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Embedded Licensing via 'Apps on Chip' is Path to Improved Software Monetization

May 08, 2014

No matter where one looks across the broad expanse of the Information and Communications Technology (ICT) landscape, there is one immutable conclusion that can be drawn: The shift from value being heavily part of software to it being increasingly recognized that the embedded software on systems is where current and future value can be monetized is accelerating.   


In fact, embedded system developers are finding they are now really software vendors. The implications are profound. The shift is creating challenges of those slow to accommodate the operational changes needed to maximize the value of their efforts while creating incredible opportunities for those looking to next generation license and entitlement management solutions to protect their IP, reduce their costs and simultaneously gain competitive advantage.

The acceleration to a more software-centric future of value creation, and how to best profit from the opportunities it generates, is only one trend impacting embedded systems vendors. As noted, they also need to worry about protecting and fully monetizing the intellectual property (IP) already in use.

Indeed, on the latter score developers are facing problems with deliberate and unintentional misuse of their technology, tampering and theft of IP. Usage enforcement, copy protection and theft prevention can guard against these threats, but they are only the first step toward unlocking the potential value of source code.

In discussing this with Michael Zunke, CTO, Software Monetization at SafeNet (News - Alert) – the person responsible for overall security architecture and innovation in the field of software security and licensing – he said that, “At a high level, monetization of intellectual property, is the goal, and this requires a focus on both revenue and profitability. It also requires visibility of usage and control over who has access to the code, under what terms and conditions and information as to whether there is compliance.”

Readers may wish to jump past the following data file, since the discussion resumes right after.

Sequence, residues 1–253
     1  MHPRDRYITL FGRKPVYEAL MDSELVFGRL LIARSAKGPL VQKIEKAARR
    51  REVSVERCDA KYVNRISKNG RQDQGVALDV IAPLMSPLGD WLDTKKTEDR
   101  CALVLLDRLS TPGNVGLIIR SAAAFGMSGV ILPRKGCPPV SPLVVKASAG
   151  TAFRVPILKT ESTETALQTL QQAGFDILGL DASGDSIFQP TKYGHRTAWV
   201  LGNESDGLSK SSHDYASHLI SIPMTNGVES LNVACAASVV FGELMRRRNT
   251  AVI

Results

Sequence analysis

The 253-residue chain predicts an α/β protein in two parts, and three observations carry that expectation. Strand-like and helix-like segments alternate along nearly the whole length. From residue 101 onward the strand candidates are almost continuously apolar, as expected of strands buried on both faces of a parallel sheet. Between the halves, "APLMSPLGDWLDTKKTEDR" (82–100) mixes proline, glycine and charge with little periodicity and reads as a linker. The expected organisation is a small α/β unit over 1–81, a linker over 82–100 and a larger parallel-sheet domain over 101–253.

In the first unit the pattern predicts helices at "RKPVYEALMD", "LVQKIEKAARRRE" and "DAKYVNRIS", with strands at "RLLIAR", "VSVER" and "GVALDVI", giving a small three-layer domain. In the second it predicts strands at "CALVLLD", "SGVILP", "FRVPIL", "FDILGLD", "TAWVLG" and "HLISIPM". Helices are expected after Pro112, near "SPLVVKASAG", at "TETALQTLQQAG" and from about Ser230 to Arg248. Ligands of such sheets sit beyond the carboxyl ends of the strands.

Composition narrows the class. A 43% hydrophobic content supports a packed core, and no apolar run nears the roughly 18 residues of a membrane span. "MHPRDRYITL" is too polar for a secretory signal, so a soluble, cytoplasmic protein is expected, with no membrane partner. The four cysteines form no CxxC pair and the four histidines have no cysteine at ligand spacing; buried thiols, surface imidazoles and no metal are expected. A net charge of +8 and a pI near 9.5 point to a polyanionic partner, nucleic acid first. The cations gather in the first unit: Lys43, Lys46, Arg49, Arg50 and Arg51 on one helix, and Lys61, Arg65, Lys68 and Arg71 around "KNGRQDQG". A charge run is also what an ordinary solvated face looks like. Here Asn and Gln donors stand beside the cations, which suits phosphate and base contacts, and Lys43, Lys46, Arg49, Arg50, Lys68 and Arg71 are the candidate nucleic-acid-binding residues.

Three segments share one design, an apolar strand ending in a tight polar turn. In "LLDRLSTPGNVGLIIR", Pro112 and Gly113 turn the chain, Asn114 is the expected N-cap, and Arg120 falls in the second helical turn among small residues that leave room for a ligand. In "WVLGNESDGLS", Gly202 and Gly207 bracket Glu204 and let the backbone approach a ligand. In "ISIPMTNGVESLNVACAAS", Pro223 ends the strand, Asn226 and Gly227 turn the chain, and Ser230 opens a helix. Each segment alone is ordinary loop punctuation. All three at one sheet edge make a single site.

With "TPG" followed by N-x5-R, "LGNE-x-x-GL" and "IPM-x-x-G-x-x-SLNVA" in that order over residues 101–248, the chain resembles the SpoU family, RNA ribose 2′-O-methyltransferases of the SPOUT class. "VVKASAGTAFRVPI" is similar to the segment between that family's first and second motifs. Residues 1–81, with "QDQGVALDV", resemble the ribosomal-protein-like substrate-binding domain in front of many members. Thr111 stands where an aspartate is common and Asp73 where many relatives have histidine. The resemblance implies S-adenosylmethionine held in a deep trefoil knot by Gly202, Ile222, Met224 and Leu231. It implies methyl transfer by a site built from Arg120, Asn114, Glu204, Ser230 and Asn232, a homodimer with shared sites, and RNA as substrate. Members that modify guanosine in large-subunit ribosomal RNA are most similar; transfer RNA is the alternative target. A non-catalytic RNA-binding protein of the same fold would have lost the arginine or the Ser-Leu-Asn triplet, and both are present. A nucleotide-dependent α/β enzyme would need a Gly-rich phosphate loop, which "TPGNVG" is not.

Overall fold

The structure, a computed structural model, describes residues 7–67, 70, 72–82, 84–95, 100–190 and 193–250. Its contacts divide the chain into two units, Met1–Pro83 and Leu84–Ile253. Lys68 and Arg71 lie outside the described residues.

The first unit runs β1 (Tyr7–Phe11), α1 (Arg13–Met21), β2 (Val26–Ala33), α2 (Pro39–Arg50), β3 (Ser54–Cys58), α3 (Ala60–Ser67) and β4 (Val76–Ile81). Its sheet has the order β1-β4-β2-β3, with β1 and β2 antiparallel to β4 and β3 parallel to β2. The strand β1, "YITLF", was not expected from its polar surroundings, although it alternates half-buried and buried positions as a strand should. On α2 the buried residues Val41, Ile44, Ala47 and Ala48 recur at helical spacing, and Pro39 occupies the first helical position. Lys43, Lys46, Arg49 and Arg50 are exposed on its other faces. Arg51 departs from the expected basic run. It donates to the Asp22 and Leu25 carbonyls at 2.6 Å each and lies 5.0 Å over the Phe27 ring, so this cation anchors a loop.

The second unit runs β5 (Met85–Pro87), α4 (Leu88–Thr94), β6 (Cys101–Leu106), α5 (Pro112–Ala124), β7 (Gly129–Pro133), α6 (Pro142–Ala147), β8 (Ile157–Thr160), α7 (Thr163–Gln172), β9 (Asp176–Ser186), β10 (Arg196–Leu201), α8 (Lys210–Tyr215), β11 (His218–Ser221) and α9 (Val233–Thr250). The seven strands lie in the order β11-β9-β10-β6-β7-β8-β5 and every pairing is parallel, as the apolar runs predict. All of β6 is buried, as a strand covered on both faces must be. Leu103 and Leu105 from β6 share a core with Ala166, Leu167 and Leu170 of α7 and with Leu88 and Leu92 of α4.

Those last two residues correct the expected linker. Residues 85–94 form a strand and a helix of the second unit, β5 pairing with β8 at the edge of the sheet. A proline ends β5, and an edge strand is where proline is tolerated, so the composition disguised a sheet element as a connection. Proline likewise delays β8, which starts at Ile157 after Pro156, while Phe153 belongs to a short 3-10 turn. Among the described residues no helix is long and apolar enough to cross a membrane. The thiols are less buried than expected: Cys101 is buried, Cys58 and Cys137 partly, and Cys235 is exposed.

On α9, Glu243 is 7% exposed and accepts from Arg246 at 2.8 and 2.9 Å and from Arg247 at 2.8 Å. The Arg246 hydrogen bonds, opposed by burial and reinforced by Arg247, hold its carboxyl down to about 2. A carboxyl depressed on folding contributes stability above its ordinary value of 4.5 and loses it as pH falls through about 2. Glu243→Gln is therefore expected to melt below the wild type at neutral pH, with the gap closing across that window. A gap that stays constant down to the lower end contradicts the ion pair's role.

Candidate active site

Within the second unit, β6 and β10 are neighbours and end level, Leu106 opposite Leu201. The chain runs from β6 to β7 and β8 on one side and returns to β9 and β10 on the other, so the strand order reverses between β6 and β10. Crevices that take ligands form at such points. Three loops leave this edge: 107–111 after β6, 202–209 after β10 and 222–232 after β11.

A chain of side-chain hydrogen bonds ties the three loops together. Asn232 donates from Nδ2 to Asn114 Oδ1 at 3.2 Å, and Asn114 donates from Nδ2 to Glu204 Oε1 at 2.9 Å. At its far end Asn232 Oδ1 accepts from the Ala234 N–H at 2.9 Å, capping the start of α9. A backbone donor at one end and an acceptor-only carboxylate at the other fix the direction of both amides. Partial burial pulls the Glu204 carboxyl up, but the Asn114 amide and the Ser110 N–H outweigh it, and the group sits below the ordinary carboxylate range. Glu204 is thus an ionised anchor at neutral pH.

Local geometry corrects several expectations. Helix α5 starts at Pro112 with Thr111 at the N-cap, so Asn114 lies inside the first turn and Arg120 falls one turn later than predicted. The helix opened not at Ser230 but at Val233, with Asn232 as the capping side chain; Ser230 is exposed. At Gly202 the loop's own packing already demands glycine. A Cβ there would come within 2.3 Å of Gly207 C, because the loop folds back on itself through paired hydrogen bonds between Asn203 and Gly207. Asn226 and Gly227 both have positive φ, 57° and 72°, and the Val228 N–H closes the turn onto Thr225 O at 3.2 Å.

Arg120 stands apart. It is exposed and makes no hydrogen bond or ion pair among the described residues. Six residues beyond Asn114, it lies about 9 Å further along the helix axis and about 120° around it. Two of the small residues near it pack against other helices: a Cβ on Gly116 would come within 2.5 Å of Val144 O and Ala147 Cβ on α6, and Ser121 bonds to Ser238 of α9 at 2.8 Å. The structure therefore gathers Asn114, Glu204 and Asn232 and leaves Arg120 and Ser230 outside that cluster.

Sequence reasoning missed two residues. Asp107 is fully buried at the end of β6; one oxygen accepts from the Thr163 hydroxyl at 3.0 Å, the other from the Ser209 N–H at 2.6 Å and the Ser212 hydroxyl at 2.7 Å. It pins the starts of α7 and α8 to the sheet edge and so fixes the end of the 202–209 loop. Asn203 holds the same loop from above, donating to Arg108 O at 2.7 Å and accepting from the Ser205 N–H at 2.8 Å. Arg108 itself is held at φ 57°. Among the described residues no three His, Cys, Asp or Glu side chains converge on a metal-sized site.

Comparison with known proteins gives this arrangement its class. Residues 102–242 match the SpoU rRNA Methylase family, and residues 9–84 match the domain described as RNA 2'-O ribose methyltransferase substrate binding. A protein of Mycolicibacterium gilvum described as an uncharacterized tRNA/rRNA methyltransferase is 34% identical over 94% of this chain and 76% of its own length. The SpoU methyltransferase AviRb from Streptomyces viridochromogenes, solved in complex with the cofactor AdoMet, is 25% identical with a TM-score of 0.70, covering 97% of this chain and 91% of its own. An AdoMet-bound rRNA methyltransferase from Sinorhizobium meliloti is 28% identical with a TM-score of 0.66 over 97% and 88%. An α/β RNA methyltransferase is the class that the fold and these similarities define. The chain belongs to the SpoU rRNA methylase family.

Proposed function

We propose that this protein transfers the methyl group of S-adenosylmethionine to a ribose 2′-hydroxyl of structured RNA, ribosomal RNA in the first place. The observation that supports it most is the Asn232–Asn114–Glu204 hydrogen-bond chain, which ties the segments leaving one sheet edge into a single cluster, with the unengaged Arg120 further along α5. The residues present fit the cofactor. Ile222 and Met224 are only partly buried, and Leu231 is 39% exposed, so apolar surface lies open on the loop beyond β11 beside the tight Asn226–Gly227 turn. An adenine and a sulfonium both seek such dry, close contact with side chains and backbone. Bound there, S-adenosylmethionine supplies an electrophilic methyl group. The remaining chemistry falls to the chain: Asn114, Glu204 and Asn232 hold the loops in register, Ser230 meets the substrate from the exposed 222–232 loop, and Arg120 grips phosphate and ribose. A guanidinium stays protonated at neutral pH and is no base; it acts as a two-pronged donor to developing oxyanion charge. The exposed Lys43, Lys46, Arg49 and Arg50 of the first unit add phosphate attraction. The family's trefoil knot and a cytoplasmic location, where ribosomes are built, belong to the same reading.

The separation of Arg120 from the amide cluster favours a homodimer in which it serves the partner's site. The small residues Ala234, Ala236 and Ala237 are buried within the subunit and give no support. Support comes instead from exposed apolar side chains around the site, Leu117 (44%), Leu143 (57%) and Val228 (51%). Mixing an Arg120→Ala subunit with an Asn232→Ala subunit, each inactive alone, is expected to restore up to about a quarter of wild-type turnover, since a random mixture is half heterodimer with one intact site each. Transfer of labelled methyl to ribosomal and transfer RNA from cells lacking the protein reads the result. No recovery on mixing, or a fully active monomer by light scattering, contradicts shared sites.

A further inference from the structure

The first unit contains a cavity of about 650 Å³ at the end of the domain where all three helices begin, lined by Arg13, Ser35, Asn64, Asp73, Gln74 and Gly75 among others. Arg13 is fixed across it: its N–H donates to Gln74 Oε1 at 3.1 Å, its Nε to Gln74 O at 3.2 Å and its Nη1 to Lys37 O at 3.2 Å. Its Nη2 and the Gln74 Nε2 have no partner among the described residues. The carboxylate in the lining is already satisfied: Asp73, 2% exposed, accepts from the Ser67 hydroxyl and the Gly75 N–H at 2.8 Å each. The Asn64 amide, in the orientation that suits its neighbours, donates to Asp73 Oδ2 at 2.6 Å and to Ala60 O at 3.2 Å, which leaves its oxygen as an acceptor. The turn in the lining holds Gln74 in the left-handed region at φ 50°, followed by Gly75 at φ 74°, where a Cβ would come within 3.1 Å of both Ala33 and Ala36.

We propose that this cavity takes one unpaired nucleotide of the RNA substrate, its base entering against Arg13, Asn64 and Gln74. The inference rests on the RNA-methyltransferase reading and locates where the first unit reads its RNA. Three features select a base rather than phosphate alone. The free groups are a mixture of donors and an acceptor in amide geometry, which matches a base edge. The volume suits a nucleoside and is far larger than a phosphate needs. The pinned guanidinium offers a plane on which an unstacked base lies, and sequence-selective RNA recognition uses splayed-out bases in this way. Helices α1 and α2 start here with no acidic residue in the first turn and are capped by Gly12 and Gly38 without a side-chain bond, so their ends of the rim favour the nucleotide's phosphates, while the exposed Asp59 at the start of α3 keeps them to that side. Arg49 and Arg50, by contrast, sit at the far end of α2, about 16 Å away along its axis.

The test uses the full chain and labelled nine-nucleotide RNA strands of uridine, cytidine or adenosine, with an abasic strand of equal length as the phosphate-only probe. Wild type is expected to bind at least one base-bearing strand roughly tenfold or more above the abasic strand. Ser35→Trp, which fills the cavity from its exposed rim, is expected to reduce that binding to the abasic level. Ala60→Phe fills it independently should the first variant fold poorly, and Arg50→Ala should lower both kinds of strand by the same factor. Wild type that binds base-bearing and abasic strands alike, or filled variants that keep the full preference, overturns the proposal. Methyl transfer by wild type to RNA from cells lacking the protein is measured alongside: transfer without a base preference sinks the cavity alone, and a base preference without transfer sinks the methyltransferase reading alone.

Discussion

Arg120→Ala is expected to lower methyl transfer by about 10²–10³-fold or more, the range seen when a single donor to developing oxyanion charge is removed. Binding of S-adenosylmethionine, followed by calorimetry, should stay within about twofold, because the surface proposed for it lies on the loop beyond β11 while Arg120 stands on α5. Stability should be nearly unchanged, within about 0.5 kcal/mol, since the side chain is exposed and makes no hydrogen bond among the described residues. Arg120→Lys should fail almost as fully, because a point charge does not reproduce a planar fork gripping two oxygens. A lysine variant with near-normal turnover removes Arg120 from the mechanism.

Zunke contined, “In a world where software truly is where value resides, having a comprehensive embedded software monetization strategy is becoming paramount. A key to such a strategy is leveraging the value of SafeNet’s recently introduced version of the Sentinel Envelope file-wrapper technology within its Sentinel License Development Kit (LDK), called AppOnChip. This is a real breakthrough in that for the first time, embedded systems developers will be able to bind protected software to hardware keys and thus eliminate artificial connections between hardware and software.”

An app approach

For those not yet familiar with AppOnChip, it is a fully automated process for binding a Sentinel hardware key to protected software. It forces selected pieces of code to execute on the key, thereby making it hard to be compromised because without the association, the software fails to execute.  In terms of protection it is another tool in the Sentinel arsenal of defenses which include: strong file encryption, code obfuscation and anti-debugging features.

As Zunke explained, the addition of AppOnChip provides embedded systems providers benefits in four key areas:

  • Protection from IP theft, tampering and reverse-engineering
  • Prevention of unauthorized product use and distribution
  • Enablement of flexible feature-level device packaging
  • Visibility and control for compliance and future product planning

Zunke says, “This is no longer about mere copy protection. It is about a holistic approach to software monetization, i.e., increasing operational efficiency and effectiveness for the vendor while providing an improved user experience with a very light footprint.”

Feature-based flexible packaging is so important because it enables embedded systems vendors to realize in their products the ability to write once and play anywhere with device functionality controlled through licensing. The same product with different functionality can be shipped to different customers at varying price points depending on features activated. It also means that customers can be upgraded remotely. This greatly lowers support and fulfillment costs while making it easier for the customer to actually use the product.

Having an effective entitlement management system to oversee such things as entitlement creation, delivery, activation, updates and usage tracking, just makes good sense. It makes monitoring compliance easier for the vendor thereby reducing revenue leakage. And if not more importantly, it enables vendors to discuss in a timely manner with their customers’ IT department, issues relating to such things as implementation or security problems whose risks need to be mitigated.

In addition, the Sentinel system is designed to seamlessly integrate with business-critical back-office systems including ERP, CRM, billing and marketing automation systems. As Zunke notes, going forward, using a next generation licensing and entitlement management system based on this integration capability will lead to automated product fulfillment, customer service and support processes. In short, the ROI calculus is only going to get better along with the customer experience. 




Edited by Alisen Downey
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